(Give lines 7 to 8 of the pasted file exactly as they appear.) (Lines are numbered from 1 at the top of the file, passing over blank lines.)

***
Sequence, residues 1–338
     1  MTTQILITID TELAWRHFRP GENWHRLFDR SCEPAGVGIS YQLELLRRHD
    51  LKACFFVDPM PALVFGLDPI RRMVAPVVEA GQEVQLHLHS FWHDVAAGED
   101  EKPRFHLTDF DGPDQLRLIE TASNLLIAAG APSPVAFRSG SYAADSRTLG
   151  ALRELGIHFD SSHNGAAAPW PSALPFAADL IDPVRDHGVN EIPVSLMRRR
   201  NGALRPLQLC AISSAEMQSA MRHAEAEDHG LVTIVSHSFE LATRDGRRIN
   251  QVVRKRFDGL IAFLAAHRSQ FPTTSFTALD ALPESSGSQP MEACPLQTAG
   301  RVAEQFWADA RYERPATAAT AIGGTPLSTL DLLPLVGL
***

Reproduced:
   251  QVVRKRFDGL IAFLAAHRSQ FPTTSFTALD ALPESSGSQP MEACPLQTAG
   301  RVAEQFWADA RYERPATAAT AIGGTPLSTL DLLPLVGL